If you and any other members of your family have suffered from back pain at some point, your local chiropractor's office number might be on speed dial. Regardless of whether you or a family member is currently receiving chiropractic care, it's always a good idea to perform some regular stretches that can keep the back muscles loose and lessen the risk of back pain. If you find that sticking to a stretching routine can be a challenge, it's worthwhile to think about some partner stretches. Whether you perform these stretches with your spouse or your child, here are some two-person stretches that can help prevent back pain.
Seated Straight-Leg Stretch
Sit on the floor with your legs straight out in front of you and your back perpendicular to the floor. Have your family member sit facing you in the same posture so that you're essentially mirroring each other. While keeping your back straight, stick your arms out and bend forward so you can link hands with your partner. In doing so, you should each feel a stretch in the lower back. Never stretch to the point of pain, and hold the stretch for about 30 seconds before you each release it.
One person begins by lying straight on the floor on his or her back, while the partner stands toward the feet of the person, grabs his or her ankles and lifts the legs. The lying partner should strive to keep his or her legs relaxed, allowing the standing person to take the weight of the legs. Keeping the legs elevated, the standing partner should approach the lying person and keep his or her feet directly on the outside of the lying person's hips. The standing partner can then place his or her knees and shins against the hamstrings of the lying partner and begin pushing forward. Although this stretch also works the hamstrings, it's an effective way to loosen the lower back.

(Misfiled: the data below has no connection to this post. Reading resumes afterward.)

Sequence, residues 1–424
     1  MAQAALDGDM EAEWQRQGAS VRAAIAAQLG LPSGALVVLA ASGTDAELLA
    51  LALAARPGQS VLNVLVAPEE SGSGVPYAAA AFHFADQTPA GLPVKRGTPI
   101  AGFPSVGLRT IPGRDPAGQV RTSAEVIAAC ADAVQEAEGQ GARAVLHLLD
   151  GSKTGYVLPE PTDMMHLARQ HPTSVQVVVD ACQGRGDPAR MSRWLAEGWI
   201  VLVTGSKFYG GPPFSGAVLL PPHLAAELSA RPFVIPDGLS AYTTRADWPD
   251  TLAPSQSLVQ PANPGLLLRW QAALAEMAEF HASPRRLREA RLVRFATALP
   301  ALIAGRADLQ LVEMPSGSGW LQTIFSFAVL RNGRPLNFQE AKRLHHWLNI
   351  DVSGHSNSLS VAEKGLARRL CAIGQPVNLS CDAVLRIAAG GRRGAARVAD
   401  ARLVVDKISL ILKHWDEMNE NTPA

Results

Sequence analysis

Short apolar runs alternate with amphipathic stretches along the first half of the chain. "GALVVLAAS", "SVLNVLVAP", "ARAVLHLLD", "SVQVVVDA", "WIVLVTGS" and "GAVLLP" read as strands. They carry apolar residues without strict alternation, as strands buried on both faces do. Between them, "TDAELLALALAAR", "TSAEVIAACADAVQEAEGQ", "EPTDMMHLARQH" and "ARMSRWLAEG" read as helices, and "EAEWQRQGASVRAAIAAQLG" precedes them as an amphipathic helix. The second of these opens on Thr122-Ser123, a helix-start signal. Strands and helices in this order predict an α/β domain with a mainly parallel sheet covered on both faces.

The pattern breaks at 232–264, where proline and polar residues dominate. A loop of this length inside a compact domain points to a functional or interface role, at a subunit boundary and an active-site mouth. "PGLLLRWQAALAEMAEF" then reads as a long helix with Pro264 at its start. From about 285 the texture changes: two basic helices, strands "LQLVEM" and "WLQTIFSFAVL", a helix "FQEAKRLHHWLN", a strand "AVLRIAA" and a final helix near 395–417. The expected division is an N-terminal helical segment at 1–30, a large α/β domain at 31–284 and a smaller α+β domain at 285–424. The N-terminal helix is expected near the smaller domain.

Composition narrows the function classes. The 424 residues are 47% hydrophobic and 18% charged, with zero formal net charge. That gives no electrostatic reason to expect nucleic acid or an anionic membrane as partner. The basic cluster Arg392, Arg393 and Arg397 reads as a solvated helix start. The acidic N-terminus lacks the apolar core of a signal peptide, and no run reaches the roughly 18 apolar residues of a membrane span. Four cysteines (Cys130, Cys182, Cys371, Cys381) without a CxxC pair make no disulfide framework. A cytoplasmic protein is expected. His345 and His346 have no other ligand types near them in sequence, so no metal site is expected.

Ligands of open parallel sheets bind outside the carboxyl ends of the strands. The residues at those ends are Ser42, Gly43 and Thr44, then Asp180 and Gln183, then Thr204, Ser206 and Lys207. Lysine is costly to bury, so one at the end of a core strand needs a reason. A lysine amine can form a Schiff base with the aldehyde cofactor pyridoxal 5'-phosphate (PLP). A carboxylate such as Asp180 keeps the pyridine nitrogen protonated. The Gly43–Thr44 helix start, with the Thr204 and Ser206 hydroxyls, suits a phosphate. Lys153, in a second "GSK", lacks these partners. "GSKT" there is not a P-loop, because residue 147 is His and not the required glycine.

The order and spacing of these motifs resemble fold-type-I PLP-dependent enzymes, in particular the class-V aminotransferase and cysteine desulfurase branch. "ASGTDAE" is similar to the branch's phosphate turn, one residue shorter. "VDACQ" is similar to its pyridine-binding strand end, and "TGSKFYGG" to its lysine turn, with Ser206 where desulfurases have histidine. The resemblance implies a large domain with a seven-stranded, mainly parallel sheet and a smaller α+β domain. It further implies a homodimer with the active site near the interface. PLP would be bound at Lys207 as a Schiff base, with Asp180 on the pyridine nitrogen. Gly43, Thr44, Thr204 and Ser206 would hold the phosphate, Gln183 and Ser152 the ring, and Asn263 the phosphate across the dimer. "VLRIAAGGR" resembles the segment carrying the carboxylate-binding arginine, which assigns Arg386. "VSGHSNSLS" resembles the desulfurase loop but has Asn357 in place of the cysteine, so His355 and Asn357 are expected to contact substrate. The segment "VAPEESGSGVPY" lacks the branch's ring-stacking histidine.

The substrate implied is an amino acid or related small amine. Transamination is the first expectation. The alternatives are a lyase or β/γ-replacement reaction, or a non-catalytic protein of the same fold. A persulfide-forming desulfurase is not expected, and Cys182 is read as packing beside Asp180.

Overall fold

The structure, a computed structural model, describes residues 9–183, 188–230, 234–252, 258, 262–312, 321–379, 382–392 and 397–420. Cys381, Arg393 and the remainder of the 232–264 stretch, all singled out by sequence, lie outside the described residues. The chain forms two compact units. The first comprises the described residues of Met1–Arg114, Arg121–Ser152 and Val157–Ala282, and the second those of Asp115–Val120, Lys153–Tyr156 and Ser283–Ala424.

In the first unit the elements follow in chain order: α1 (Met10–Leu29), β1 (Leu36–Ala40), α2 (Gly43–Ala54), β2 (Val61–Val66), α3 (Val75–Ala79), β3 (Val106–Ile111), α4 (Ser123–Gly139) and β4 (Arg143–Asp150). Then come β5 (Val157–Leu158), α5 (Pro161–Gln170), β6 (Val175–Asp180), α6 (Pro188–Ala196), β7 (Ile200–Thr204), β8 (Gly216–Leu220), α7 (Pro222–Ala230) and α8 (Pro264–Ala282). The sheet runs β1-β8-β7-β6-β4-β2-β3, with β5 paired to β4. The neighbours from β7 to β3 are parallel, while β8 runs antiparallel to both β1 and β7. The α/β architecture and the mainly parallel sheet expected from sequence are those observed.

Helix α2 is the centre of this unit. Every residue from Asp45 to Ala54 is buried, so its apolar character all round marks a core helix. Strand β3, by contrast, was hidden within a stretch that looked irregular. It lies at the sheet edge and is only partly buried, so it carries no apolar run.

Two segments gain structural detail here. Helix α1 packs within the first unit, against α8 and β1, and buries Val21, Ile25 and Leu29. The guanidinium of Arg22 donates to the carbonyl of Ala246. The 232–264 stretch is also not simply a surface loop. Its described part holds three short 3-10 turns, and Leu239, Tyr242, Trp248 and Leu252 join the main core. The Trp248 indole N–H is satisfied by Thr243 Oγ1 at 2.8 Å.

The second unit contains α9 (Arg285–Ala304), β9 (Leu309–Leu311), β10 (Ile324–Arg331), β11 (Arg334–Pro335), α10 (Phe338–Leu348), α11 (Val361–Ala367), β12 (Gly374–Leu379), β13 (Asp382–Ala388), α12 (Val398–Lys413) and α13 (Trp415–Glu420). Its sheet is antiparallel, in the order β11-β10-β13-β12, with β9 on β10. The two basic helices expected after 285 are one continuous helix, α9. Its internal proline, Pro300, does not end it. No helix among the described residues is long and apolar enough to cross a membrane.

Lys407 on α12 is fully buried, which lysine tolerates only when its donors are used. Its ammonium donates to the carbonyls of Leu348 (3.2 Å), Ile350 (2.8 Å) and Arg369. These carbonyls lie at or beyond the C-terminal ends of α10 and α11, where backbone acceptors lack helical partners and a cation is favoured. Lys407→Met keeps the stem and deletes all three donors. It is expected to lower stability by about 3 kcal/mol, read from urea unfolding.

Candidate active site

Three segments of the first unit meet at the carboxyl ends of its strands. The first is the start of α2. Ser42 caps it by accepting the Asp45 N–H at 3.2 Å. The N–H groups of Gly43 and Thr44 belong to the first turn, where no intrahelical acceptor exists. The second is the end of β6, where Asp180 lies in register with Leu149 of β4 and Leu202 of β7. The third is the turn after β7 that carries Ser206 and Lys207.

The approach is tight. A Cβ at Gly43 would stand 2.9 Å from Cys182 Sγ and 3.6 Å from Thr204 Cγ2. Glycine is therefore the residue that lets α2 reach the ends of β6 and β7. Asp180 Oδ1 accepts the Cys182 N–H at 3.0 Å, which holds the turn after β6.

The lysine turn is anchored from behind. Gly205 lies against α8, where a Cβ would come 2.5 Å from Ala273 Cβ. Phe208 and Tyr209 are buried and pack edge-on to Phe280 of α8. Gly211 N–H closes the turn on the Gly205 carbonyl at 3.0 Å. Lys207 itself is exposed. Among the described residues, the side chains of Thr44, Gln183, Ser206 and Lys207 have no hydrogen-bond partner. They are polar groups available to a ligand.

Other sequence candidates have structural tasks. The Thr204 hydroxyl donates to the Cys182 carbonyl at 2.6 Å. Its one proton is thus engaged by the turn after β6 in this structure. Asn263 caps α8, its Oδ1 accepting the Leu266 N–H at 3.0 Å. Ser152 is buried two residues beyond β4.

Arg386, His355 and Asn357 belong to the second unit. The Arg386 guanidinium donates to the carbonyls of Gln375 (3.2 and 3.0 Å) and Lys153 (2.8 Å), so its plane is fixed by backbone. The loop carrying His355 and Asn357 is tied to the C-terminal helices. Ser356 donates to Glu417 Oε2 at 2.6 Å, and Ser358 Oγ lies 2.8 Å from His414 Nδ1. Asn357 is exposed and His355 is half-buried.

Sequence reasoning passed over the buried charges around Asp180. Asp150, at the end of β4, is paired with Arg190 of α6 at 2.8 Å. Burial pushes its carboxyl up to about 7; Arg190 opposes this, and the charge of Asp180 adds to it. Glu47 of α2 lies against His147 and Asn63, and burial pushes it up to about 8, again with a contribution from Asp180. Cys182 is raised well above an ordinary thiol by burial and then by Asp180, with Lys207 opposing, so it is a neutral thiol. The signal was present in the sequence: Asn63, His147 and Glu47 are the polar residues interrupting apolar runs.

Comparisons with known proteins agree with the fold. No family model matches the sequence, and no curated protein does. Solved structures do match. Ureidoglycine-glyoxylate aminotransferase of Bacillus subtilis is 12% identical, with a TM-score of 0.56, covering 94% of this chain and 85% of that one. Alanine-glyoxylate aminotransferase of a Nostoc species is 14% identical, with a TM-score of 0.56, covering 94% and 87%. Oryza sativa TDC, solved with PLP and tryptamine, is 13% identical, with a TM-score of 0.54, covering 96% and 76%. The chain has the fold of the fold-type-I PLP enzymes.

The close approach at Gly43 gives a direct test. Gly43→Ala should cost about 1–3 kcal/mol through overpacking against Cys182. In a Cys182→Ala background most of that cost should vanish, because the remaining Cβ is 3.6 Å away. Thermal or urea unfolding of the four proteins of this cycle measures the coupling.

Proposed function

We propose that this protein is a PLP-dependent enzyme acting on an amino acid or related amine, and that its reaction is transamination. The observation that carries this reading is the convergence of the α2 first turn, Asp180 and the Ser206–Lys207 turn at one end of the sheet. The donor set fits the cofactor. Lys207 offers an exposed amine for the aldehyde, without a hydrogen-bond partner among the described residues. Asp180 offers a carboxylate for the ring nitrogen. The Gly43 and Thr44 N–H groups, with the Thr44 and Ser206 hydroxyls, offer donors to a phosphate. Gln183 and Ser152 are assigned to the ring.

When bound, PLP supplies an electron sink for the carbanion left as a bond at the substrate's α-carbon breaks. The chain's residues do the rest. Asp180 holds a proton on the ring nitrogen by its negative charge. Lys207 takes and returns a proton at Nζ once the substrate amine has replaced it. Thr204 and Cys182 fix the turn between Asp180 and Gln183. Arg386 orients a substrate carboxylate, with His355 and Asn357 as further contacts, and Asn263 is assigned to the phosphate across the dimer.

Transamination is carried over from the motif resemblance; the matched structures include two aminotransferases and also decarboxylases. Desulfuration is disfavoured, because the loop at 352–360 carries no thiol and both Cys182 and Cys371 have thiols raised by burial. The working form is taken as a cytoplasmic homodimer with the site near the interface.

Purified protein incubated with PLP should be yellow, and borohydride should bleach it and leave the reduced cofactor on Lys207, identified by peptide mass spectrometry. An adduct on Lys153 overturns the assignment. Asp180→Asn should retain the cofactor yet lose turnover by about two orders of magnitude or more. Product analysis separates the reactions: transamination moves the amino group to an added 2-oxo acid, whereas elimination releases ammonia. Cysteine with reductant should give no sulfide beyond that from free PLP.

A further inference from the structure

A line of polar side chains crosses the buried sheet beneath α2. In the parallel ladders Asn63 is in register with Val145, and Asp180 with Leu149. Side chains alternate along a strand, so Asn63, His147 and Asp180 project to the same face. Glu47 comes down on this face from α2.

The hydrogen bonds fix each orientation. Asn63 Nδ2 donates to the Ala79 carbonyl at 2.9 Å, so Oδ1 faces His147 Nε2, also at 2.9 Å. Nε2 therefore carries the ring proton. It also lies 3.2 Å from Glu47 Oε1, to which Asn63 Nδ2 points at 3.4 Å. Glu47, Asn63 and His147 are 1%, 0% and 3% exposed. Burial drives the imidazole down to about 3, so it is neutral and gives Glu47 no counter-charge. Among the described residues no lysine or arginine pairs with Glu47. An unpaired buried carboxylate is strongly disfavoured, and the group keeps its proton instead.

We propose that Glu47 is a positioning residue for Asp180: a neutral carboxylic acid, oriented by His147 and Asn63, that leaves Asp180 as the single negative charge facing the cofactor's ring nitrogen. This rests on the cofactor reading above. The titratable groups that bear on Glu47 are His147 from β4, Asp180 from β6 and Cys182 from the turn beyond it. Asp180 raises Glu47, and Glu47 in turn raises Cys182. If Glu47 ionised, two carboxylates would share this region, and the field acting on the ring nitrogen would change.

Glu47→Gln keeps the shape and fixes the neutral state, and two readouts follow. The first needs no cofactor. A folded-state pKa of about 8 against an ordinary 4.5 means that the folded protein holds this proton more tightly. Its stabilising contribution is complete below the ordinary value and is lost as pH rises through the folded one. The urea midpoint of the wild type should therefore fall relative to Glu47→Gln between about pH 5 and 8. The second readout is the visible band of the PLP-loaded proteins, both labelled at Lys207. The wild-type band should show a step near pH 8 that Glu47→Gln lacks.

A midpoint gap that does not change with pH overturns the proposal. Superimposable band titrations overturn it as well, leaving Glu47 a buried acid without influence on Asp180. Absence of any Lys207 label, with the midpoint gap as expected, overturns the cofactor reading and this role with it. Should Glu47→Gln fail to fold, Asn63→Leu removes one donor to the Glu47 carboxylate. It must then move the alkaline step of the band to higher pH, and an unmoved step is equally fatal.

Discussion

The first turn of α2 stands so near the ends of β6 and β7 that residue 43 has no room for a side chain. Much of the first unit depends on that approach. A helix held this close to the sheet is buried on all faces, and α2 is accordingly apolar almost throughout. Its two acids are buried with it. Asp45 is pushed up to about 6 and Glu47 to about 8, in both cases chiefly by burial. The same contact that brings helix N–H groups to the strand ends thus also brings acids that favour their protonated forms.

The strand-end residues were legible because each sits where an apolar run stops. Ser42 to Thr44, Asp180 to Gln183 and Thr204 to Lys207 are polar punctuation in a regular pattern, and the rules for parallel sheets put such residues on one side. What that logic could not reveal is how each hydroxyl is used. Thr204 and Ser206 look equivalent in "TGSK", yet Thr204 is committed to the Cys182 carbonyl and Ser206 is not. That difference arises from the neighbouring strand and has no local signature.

Child's Pose Stretch
One person assumes the yoga child's pose -- kneeling on the floor, lowering the forehead to the floor and keeping the arms outstretched past the ears. This pose is an effective way to stretch the back on its own, but the involvement of a partner can make it even more beneficial. As the person maintains child's pose, the partner stands behind the person and uses his or her hands to apply pressure to the person's back. The kneeling partner should always provide verbal cues to indicate the degree of pressure that is needed.
If these stretches don't seem to help, contact a business such as Vanderloo Chiropractic, for more information.